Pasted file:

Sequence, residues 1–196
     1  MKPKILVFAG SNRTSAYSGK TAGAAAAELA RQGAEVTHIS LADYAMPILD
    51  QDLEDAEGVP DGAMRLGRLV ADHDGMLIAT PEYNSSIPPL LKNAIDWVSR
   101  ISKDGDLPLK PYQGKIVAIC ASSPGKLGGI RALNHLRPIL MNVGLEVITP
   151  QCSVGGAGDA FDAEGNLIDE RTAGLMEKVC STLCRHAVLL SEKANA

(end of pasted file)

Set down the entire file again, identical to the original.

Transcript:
Sequence, residues 1–196
     1  MKPKILVFAG SNRTSAYSGK TAGAAAAELA RQGAEVTHIS LADYAMPILD
    51  QDLEDAEGVP DGAMRLGRLV ADHDGMLIAT PEYNSSIPPL LKNAIDWVSR
   101  ISKDGDLPLK PYQGKIVAIC ASSPGKLGGI RALNHLRPIL MNVGLEVITP
   151  QCSVGGAGDA FDAEGNLIDE RTAGLMEKVC STLCRHAVLL SEKANA